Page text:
Since coming back into the hobby 5 or more years ago I have become somewhat fascinated with 2'6" gauge railways in particular. I have collected quite a lot of information on 2'6" gauge railways and their equipment. One thing I note is that with industrial locomotives and the lines they ran on, choice of gauge is often a whim of their owner. That is there is no reason the Powelltown line could not have been built in 2'6" gauge, and operate very similar equipment. The question would Baldwin have built Little Yarra with outside frames for this gauge is an interesting one. Probably, but there is enough leeway there to give any modeller the benefit of the doubt. One interesting scenario for a freelance modeller would be to imagine the Warburton line was built to 2'6" gauge as planned, and the Powelltown interchanged with it.

I am a freelance modeller, but I hope that my scenario retains a high degree of plausibility. I probably won't buy a Little Yarra model, because it is too small and too modern for my scenario. And because I am modelling a 2'6" gauge railway (even if fictitious) I think I would also be worried about the frames issue as well.

I better become a politician, because I think I've managed to say a lot without answering you question!

My apologies to the moderators if this post has strayed too far off topic.

Cheers

Michael


David Halfpenny <dh16mm@...>
 

--------------------------------------------------
From: <thirtyinchfan@pearcedale.com>
Sent: Tuesday, May 27, 2008 11:36 PM

I think an On30 "Little Yarra" is a minor offence against the laws of nature.
I'm not sure I've got your drift, Michael.

Is your emphasis on "minor" or "offence"?

ie are you for it?
or agin it?

David 1/2d


Michael J
 

I think an On30 "Little Yarra" is a minor offence against the laws of nature. "Little Yarra" was quite a small loco and Baldwin certainly constructed inside framed locos of around this size for 2'6" gauge, although admittedly most that come to my mind were built a few decades before "Little Yarra".

Reality is that an On30 model is most commercially viable, as this is by far the most popular scale/gauge combination for Aussie narrow gauge modelers. However a benelvent manufacturer would design his product to allow correct 3/4" gauge wheelsets if desired by the modeler.

Anyway, I would be fascinated to see photos of 6-14-C class locos in 2'6" guage if they ever do come to light.

Cheers

Michael

----- Original Message -----
From: David Halfpenny [mailto:dh16mm@hotmail.com]
Sent: 27/05/2008 6:50:09 PM
To: LRRSA@yahoogroups.com.au
Subject: Re: [LRRSA] Re: Little Yarra



--------------------------------------------------
From: "Frank Stamford" <frank.stamford@bigpond.com>
Sent: Tuesday, May 27, 2008 4:58 AM
To: <LRRSA@yahoogroups.com.au>
Subject: [LRRSA] Re: Little Yarra

Hello David,

Yes Brian is aware of the articles and drawings in the April "Narrow
Gauge Downunder" and "Light Railways". He actually approached us for
information in January, and he probably wrote to "Narrow Gauge and
Short Lines Gazette" at the same time.

Changing "Little Yarra" to 2 ft 6 in gauge is quite a radical
divergence from the prototype I think. Baldwin would probably have
used outside frames for 2 ft 6in gauge, though my efforts to find
photographs of any of the three 2 ft 6 in gauge 6-14-C class locos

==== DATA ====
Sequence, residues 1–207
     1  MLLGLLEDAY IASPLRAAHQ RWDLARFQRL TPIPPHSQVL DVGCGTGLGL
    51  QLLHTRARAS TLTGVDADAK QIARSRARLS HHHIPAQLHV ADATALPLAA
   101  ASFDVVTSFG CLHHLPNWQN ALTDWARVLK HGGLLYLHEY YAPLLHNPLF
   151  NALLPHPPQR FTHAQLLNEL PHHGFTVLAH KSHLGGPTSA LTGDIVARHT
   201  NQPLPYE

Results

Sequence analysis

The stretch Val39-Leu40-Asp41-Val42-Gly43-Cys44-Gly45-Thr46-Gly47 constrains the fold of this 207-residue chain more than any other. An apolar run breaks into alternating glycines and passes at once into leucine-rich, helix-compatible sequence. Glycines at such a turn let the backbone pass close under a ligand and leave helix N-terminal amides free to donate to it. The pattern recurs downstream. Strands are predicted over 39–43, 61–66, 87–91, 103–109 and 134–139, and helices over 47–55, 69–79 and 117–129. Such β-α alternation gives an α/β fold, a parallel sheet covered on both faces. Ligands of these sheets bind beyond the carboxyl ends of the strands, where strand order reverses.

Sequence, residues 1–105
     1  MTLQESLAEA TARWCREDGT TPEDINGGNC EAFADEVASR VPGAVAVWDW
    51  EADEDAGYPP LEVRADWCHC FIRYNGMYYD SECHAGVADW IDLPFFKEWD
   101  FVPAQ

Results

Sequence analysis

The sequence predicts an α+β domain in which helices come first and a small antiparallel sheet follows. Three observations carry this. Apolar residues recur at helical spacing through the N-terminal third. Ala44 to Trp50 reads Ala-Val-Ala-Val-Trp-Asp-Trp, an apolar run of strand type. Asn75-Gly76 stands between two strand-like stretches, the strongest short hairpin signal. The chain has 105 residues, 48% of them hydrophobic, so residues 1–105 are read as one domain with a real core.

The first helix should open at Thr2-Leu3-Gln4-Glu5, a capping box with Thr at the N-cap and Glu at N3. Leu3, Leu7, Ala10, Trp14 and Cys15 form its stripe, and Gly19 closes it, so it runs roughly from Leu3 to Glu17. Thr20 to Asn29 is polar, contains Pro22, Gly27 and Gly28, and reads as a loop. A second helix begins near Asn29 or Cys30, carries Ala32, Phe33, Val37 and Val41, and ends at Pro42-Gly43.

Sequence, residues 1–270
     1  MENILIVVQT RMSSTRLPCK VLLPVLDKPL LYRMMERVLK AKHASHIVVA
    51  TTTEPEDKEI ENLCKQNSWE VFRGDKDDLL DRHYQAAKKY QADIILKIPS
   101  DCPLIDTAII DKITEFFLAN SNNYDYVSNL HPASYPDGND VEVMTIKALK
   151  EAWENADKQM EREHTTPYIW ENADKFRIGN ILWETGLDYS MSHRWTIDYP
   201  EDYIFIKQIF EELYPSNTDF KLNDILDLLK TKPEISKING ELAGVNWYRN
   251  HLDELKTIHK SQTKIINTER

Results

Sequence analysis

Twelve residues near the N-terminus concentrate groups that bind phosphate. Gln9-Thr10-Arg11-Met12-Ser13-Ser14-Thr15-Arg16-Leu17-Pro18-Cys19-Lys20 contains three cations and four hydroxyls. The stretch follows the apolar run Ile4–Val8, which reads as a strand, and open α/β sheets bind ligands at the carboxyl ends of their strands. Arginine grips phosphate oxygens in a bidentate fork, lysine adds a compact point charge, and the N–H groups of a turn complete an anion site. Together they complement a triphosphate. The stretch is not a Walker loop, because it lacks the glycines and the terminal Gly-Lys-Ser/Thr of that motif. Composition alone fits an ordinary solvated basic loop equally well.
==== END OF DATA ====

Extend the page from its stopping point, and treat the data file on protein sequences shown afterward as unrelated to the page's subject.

have so far proved fruitless.
Thanks, Frank, that's what I guessed on all fronts.

I think On30 is a hard disease to cure, simply because it is so expedient -
easy track, easy scenics, and with outside framed gear and wide treads,
nobody notices that the flanges are pushed in a whisker too far.

I'm feeling queasy about an On30 Little Yarra, but then it's not my scale.

Brian in his Gazette letter mentions "the Australian market" which implies
big ideas. It will be interesting to see how Australians vote with their
wallets.

David 1/2d



David Halfpenny <dh16mm@...>
 

--------------------------------------------------
From: "Frank Stamford" <frank.stamford@bigpond.com>
Sent: Tuesday, May 27, 2008 4:58 AM
To: <LRRSA@yahoogroups.com.au>
Subject: [LRRSA] Re: Little Yarra

Hello David,

Yes Brian is aware of the articles and drawings in the April "Narrow
Gauge Downunder" and "Light Railways". He actually approached us for
information in January, and he probably wrote to "Narrow Gauge and
Short Lines Gazette" at the same time.

Changing "Little Yarra" to 2 ft 6 in gauge is quite a radical
divergence from the prototype I think. Baldwin would probably have
used outside frames for 2 ft 6in gauge, though my efforts to find
photographs of any of the three 2 ft 6 in gauge 6-14-C class locos
have so far proved fruitless.
Thanks, Frank, that's what I guessed on all fronts.

I think On30 is a hard disease to cure, simply because it is so expedient - easy track, easy scenics, and with outside framed gear and wide treads, nobody notices that the flanges are pushed in a whisker too far.

I'm feeling queasy about an On30 Little Yarra, but then it's not my scale.

Brian in his Gazette letter mentions "the Australian market" which implies big ideas. It will be interesting to see how Australians vote with their wallets.

David 1/2d


Frank Stamford
 

Hello David,

Yes Brian is aware of the articles and drawings in the April "Narrow
Gauge Downunder" and "Light Railways". He actually approached us for
information in January, and he probably wrote to "Narrow Gauge and
Short Lines Gazette" at the same time.

Changing "Little Yarra" to 2 ft 6 in gauge is quite a radical
divergence from the prototype I think. Baldwin would probably have
used outside frames for 2 ft 6in gauge, though my efforts to find
photographs of any of the three 2 ft 6 in gauge 6-14-C class locos
have so far proved fruitless.

Regards,

Frank




--- In LRRSA@yahoogroups.com.au, "David Halfpenny" <dh16mm@...> wrote:

I notice that there's a guy asking in NGSLG V34/2 for plans of
Little Yarra
so he can make an On30 commercial model to go with the Baldwin NA
that his
company already does.

Can I assume somebody has already fielded this one?

He's "Brain Chester" (sic - probably Brian)
Manager, Broad Gauge Models,
bgm@...

David 1/2d


David Halfpenny <dh16mm@...>
 

I notice that there's a guy asking in NGSLG V34/2 for plans of Little Yarra so he can make an On30 commercial model to go with the Baldwin NA that his company already does.

Can I assume somebody has already fielded this one?

He's "Brain Chester" (sic - probably Brian)
Manager, Broad Gauge Models,
bgm@webaxz.net

David 1/2d